High Court rules in Lidl v Tesco: Lidl walks away with a trolley full of victories | Fieldfisher
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High Court rules in Lidl v Tesco: Lidl walks away with a trolley full of victories

Katie Warner


United Kingdom

In a judgment delivered on 20 April 2023, Justice Joanna Smith found in favour of budget supermarket Lidl in a long-running dispute with rival supermarket Tesco.  The trial centred on each supermarket's use of blue and yellow logos, depicted below:

For further factual background and our analysis of previous interim and related appeal judgments, check out our previous SnIPpets posts:

Summary of findings
In a comprehensive 102-page judgment, Smith J found:
  • Tesco's use of the CCP Signs constituted trade mark infringement of both the Mark with Text and the Wordless Mark;
  • In relation to Tesco's counterclaim seeking to invalidate Lidl's Wordless Mark on the grounds of non-use and bad faith:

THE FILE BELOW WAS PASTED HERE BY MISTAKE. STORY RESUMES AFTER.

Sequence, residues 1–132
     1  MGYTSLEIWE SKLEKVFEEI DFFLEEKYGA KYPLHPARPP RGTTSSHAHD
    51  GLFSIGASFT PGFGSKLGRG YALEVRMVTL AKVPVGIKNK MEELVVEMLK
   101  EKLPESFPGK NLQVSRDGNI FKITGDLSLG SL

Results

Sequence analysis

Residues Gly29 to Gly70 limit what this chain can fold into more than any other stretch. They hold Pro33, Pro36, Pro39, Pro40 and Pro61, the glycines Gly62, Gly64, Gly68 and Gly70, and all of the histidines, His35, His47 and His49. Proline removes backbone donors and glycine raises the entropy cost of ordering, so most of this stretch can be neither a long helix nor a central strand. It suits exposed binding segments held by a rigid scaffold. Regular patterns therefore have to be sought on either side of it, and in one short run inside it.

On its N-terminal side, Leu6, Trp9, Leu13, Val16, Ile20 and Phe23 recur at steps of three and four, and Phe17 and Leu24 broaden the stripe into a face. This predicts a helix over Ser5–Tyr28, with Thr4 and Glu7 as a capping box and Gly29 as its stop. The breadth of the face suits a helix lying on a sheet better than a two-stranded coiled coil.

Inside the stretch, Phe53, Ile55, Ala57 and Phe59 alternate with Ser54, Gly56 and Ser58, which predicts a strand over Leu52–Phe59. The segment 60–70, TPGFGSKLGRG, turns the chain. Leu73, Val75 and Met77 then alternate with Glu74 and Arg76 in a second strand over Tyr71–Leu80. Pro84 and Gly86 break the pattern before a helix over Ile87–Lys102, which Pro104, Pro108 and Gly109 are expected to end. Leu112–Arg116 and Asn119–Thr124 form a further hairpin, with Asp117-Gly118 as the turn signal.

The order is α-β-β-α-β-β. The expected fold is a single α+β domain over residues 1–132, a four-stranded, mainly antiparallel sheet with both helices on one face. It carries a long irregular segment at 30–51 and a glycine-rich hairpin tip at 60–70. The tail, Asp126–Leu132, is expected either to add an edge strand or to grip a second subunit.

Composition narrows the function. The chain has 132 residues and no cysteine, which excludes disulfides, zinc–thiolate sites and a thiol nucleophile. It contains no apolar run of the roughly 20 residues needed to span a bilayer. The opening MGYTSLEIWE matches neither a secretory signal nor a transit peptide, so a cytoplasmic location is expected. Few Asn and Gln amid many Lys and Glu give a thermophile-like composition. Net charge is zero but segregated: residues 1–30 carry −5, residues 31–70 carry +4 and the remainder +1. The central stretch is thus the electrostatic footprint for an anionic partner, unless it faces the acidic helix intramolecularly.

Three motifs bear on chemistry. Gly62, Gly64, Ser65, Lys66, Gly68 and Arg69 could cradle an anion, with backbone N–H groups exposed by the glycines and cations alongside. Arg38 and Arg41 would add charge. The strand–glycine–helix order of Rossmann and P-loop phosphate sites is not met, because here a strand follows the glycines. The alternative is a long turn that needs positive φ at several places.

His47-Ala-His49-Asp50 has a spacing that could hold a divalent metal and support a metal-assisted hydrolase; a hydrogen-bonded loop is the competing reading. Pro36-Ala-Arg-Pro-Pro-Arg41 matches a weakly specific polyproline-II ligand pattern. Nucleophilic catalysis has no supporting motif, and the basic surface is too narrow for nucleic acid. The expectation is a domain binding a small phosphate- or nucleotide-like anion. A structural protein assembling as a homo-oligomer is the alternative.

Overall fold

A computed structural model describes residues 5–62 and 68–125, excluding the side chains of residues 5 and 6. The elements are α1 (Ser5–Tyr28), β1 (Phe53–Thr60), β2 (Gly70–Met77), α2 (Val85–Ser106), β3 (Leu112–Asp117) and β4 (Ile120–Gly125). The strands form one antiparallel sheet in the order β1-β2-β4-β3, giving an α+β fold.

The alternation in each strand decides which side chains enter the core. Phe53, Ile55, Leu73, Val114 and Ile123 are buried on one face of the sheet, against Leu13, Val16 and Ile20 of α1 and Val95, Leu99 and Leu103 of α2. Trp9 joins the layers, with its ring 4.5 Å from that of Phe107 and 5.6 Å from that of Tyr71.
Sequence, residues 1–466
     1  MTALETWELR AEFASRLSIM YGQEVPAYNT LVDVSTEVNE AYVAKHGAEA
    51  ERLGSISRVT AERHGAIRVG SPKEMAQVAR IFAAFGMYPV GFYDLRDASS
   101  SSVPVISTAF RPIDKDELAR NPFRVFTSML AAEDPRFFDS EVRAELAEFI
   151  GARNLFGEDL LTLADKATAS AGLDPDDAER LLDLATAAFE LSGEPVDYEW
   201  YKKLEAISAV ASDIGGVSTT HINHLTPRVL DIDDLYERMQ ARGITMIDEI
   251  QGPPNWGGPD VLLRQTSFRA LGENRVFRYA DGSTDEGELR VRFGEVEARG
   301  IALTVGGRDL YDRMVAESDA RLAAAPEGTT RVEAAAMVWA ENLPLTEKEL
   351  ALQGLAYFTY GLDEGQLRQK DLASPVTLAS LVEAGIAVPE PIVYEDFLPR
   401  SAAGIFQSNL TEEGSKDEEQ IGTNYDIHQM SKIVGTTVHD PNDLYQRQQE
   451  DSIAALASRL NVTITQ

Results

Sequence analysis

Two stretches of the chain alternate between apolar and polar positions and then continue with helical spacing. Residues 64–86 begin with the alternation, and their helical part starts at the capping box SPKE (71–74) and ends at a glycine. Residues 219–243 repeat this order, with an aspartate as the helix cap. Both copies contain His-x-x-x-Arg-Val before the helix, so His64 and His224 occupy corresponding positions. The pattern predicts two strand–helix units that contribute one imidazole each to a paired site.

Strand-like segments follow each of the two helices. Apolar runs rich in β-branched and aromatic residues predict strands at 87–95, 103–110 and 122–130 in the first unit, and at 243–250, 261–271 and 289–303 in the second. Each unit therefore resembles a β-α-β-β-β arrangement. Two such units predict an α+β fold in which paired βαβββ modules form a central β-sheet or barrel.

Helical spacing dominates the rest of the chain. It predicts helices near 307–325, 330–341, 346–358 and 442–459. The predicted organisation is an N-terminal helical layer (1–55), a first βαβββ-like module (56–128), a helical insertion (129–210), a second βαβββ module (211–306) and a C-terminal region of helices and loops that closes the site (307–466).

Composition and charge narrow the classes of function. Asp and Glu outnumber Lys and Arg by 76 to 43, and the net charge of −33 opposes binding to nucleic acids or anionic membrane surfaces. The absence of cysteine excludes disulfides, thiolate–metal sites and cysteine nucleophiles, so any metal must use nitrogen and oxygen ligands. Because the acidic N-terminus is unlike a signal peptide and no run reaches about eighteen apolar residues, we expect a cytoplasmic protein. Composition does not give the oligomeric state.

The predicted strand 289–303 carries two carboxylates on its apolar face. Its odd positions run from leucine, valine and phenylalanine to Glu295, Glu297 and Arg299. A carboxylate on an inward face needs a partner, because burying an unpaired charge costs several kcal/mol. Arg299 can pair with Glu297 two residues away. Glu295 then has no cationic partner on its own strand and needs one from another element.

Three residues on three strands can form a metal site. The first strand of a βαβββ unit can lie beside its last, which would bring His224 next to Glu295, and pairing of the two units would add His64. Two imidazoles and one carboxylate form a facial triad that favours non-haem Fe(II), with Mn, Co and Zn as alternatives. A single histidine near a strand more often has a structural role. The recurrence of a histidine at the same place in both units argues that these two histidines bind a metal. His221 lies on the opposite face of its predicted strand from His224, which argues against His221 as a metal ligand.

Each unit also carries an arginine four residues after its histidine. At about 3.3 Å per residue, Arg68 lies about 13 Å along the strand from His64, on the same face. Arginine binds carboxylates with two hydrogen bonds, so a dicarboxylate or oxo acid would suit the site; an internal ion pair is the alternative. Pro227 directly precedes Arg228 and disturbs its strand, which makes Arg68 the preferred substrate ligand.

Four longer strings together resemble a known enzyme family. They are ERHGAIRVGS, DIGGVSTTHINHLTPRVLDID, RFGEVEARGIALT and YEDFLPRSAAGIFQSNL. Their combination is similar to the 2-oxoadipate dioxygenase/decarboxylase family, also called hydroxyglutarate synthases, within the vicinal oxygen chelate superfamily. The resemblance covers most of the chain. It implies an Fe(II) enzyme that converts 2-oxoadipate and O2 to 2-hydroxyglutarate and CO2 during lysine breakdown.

• Lidl had used the Wordless Mark (and therefore it could not be revoked for non-use);
  • However, the Wordless Mark was invalid on the basis that it was registered in bad faith;
  • Tesco's use of the CCP Signs constituted passing off; and
  • Tesco's CCP Signs infringed copyright in Lidl's Mark with Text.
These findings are discussed in more detail below.  Smith J also invited the parties to liaise over the terms of the order giving effect to the judgment, so it is possible there may be further hearings and judgments.
Trade mark infringement